Gary GraffNew York Times Syndicate
I had to get out of the paternalistic relationship with the record company. I’d make a record and then cross my fingers when it was done that somebody in an office somewhere was going to say, ‘Good job, little Billy. We’re really going to get behind this.’”
Last Year’s 20THanniversary of the Smashing Pumpkins’ first album caught Billy Corgan, the band’s sole remaining original member, by surprise.
“It certainly feels like more than 10,” the 45-year-old singer says, “but it doesn’t feel like 20. It certainly seems to have gone by faster than I would have guessed.
“You know, I’ve got a drummer in my band now who’s 21 years old,” Corgan adds, referring to Mike Byrne, “and we were sitting in the studio the other day, listening to something, and I said, ‘That was done 22 years ago.’ And he looked at me and I realised, ‘(Heck), that’s older than you.’”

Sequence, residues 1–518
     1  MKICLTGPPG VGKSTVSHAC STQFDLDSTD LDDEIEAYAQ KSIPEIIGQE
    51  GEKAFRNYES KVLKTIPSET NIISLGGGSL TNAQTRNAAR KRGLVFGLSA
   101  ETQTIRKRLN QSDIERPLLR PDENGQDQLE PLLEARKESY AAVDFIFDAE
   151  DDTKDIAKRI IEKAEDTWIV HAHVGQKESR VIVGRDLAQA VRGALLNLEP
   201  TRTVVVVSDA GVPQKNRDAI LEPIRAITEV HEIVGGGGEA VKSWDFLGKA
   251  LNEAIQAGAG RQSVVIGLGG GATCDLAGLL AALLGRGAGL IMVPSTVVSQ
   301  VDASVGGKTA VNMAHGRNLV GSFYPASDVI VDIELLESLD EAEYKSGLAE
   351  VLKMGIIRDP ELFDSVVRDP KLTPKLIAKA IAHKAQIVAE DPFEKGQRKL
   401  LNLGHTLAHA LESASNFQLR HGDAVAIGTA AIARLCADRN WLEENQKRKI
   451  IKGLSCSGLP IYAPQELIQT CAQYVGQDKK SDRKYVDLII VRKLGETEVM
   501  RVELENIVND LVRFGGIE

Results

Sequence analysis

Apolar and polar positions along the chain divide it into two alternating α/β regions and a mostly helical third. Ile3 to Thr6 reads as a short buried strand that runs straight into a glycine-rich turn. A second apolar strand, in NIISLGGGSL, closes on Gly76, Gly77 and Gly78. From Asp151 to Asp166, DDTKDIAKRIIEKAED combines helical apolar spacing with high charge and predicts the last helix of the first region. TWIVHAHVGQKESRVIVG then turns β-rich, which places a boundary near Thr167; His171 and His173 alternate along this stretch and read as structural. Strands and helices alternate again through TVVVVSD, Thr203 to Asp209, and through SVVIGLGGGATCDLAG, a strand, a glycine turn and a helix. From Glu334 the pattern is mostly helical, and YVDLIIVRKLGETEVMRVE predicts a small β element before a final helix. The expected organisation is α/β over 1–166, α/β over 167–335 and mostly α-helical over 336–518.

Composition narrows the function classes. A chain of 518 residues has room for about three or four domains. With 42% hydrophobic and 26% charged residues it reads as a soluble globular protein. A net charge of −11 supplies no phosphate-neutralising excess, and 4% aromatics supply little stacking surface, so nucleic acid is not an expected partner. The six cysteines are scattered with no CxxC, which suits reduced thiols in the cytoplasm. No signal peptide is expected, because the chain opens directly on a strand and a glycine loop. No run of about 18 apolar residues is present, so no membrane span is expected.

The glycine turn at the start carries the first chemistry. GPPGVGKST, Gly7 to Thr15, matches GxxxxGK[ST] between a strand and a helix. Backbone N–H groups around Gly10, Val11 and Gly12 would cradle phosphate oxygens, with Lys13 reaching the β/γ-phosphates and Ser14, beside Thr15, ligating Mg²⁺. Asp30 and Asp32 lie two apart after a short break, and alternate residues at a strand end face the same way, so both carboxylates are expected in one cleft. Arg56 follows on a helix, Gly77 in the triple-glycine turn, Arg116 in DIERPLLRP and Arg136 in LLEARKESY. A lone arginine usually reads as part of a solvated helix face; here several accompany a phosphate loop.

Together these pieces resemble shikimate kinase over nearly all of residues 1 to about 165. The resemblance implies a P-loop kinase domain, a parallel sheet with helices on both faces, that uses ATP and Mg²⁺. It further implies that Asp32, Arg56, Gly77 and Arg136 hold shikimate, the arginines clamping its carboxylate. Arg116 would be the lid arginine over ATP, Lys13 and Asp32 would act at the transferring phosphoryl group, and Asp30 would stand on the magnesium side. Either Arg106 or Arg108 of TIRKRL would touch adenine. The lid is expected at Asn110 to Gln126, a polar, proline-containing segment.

One of the leading lights of the 1990s alternative-rock revolution, the Smashing Pumpkins have sold more than 30 million albums worldwide, won two Grammy Awards and scored radio hits such as Cherub Rock (1993), Today (1993), Bullet with Butterfly Wings (1995), 1979 (1996) and Tonight, Tonight (1996). The band has quite a past – and, despite past doubts on the subject, a future as well.
Having resurrected the Pumpkins name in 2006, after a hiatus of nearly six years, Corgan is preparing for the June 18 release of Oceania, the group’s first album since 2007. It comes in the midst of a larger-scale project called Teargarden by Kaleidyscope, which consists of 44 songs being released individually or in small groups online. Meanwhile Corgan also is overseeing an ongoing catalogue-reissue programme that started in 2011 and ultimately will conclude in 2013 with expanded repackagings of the band’s entire discography.